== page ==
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Lachlan’s Dowry

SUN VALLEY, ID - JULY 13: (L to R) Rupert Murdoch, executive chairman of News Corp and chairman of Fox News, and Lachlan Murdoch, co-chairman of 21st Century Fox, walk together as they arrive on the third day of the annual Allen & Company Sun Valley Conference, July 13, 2017 in Sun Valley, Idaho. Every July, some of the world's most wealthy and powerful businesspeople from the media, finance, technology and political spheres converge at the Sun Valley Resort for the exclusive weeklong conference. (Photo by Drew Angerer/Getty Images)
If Lachlan proves effective as the sole chairman and C.E.O. in the eyes of Wall Street analysts and investors, it may become harder for the martyr heirs to execute such a plan. Photo: Drew Angerer/Getty Images
Dylan Byers
September 22, 2023

On Thursday, in a move at once momentous and mundane, the 92-year-old Rupert Murdoch announced he would transition to the role of chairman emeritus at Fox Corp. and News Corp., formally passing the reins of what’s left of his international media empire to his eldest and favored son, Lachlan. The announcement predictably induced a flood of obituaries for Murdoch’s historic ascent from a provincial Australian newspaper heir, seven decades ago, to the incomparable international media baron whose indulgence with oversized-all-caps right-wing populism forever coarsened the civic and political culture in at least three of the world’s leading democracies and, in the inadvertent coup de grace, helped deliver Donald Trump to the White House. Along the way, Murdoch also fleeced Bob Iger for $71 billion.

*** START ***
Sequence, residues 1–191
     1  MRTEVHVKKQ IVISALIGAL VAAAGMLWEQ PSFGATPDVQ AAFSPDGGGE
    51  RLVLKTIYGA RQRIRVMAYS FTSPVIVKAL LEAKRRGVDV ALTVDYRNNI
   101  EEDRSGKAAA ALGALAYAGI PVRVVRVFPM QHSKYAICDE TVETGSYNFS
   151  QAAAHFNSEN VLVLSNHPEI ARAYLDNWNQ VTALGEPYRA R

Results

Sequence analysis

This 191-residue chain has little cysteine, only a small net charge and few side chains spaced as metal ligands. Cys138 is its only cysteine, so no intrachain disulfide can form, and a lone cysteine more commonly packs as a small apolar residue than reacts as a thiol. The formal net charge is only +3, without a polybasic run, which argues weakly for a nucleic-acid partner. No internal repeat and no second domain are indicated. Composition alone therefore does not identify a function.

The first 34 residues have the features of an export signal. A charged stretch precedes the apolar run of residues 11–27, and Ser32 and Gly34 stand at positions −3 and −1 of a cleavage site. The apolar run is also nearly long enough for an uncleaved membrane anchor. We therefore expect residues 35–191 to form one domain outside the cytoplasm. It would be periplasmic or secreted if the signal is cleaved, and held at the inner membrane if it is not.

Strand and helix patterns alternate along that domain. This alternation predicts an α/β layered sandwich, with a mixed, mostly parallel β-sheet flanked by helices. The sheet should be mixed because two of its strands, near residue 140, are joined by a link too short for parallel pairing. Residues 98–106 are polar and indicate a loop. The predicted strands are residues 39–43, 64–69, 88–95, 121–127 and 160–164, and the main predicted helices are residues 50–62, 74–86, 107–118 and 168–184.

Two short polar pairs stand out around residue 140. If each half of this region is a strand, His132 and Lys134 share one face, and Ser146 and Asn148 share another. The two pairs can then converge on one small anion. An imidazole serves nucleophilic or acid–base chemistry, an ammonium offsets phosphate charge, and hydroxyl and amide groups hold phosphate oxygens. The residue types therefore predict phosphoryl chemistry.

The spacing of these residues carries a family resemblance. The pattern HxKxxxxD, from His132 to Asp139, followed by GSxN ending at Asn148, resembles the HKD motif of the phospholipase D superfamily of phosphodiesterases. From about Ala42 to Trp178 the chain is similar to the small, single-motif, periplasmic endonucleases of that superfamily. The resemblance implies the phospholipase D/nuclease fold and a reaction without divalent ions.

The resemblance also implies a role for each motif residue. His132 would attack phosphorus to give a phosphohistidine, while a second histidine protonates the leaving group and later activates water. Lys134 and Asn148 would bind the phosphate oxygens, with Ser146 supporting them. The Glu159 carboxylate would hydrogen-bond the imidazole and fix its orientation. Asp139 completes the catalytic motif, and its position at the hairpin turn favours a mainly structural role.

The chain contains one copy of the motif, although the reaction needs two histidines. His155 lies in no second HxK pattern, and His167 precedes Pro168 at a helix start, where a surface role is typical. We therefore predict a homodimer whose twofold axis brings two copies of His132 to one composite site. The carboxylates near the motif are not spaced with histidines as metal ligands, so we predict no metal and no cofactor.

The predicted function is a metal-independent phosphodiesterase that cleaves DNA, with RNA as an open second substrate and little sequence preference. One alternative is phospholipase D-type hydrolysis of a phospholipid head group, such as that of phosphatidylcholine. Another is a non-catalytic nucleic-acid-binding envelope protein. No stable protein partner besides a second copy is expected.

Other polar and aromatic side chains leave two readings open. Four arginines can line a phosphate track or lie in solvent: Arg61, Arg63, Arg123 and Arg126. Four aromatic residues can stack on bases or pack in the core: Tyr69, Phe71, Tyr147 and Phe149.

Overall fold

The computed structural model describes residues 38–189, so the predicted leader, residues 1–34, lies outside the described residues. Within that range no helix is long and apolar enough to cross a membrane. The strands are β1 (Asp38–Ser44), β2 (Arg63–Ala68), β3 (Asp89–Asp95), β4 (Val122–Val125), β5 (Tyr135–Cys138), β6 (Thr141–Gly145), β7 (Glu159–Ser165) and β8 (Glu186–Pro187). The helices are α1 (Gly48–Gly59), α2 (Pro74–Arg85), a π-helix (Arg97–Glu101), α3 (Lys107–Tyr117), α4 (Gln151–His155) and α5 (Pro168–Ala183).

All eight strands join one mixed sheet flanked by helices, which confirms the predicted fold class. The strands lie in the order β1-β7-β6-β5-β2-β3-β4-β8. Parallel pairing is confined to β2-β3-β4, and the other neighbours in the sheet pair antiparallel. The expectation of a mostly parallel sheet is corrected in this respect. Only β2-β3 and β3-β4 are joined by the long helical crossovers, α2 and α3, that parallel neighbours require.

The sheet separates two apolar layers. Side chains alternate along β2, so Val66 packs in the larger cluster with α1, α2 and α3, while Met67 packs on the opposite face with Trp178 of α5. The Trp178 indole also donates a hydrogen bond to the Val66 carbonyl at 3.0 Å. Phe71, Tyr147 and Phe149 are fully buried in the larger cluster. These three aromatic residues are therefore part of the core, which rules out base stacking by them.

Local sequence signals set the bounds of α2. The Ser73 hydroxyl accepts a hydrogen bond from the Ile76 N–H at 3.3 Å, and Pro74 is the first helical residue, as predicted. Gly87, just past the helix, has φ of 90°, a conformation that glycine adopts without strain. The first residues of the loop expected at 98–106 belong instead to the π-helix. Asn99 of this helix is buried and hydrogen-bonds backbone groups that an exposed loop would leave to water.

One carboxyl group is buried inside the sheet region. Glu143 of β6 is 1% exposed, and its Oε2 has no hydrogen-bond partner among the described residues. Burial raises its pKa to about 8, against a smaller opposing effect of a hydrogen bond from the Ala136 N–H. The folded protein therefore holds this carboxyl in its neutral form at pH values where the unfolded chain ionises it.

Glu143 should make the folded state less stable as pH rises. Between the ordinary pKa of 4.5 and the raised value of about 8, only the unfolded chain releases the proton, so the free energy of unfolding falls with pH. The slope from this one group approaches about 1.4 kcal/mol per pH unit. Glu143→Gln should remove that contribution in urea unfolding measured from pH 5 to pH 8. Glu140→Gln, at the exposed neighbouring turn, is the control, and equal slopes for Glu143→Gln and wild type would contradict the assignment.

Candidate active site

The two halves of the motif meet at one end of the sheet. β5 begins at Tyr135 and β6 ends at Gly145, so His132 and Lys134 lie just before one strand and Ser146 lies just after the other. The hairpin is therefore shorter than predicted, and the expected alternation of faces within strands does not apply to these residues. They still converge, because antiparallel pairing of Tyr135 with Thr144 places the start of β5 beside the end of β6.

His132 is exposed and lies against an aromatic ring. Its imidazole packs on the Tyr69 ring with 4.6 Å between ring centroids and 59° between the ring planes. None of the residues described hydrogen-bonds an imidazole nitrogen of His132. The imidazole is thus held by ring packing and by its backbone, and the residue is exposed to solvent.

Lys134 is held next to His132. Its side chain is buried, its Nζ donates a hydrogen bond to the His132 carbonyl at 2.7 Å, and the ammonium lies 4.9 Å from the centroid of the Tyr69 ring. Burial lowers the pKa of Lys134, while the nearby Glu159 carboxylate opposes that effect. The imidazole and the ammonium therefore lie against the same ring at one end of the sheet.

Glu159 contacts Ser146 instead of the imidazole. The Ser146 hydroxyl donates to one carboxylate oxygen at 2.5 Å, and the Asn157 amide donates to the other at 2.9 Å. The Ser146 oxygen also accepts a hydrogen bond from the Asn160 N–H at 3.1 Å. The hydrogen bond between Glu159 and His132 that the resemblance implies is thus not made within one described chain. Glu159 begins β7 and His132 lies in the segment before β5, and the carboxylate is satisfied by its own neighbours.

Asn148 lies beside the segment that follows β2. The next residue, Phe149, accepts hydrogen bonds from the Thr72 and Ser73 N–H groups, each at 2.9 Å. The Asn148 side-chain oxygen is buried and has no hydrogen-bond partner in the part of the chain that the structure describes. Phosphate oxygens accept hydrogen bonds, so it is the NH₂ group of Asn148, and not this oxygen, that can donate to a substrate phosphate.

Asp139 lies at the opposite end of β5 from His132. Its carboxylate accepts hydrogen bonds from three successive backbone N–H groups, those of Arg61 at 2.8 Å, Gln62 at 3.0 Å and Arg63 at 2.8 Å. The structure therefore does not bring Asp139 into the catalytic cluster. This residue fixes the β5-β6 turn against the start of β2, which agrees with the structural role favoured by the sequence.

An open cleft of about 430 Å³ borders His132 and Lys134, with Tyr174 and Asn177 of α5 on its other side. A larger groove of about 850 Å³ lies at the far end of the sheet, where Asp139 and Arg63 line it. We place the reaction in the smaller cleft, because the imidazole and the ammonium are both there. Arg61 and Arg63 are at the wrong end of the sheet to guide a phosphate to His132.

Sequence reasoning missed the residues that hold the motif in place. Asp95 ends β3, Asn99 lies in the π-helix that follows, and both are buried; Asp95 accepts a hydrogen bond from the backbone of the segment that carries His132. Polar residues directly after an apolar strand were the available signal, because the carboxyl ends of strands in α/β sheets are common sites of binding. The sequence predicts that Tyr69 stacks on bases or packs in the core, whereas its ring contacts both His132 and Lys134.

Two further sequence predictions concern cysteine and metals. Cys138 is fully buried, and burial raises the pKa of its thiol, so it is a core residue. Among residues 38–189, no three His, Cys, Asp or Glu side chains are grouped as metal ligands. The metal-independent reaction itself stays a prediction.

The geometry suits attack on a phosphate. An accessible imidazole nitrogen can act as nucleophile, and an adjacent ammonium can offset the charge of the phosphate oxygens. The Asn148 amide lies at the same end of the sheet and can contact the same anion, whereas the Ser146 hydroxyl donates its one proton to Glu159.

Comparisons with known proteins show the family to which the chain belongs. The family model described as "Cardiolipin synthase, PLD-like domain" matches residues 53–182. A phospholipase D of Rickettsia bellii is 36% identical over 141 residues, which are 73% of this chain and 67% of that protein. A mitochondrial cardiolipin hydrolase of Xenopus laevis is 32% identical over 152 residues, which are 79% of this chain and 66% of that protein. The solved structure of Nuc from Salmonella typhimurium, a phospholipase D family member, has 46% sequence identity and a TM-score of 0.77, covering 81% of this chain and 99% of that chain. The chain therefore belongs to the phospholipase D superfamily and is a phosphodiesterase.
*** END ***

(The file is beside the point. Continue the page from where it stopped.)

Of course, Murdoch is not dead, not yet, nor is there any indication—so long as he is of relative health and sentience—that he plans to relinquish his throne. Indeed, Thursday’s announcement effectively formalized a corporate arrangement that has already been in place for years—one wherein Lachlan officially runs the business day-to-day, quarter-to-quarter, while his father, who still controls the company by virtue of his voting shares, weighs in as early and often as he wants and inevitably finds a receptive, deferential audience. “In my new role, I can guarantee you I will be involved every day in the contest of ideas,” Rupert wrote in his memo to employees. “When I visit your countries and companies, you can expect to see me in the office late on a Friday afternoon.”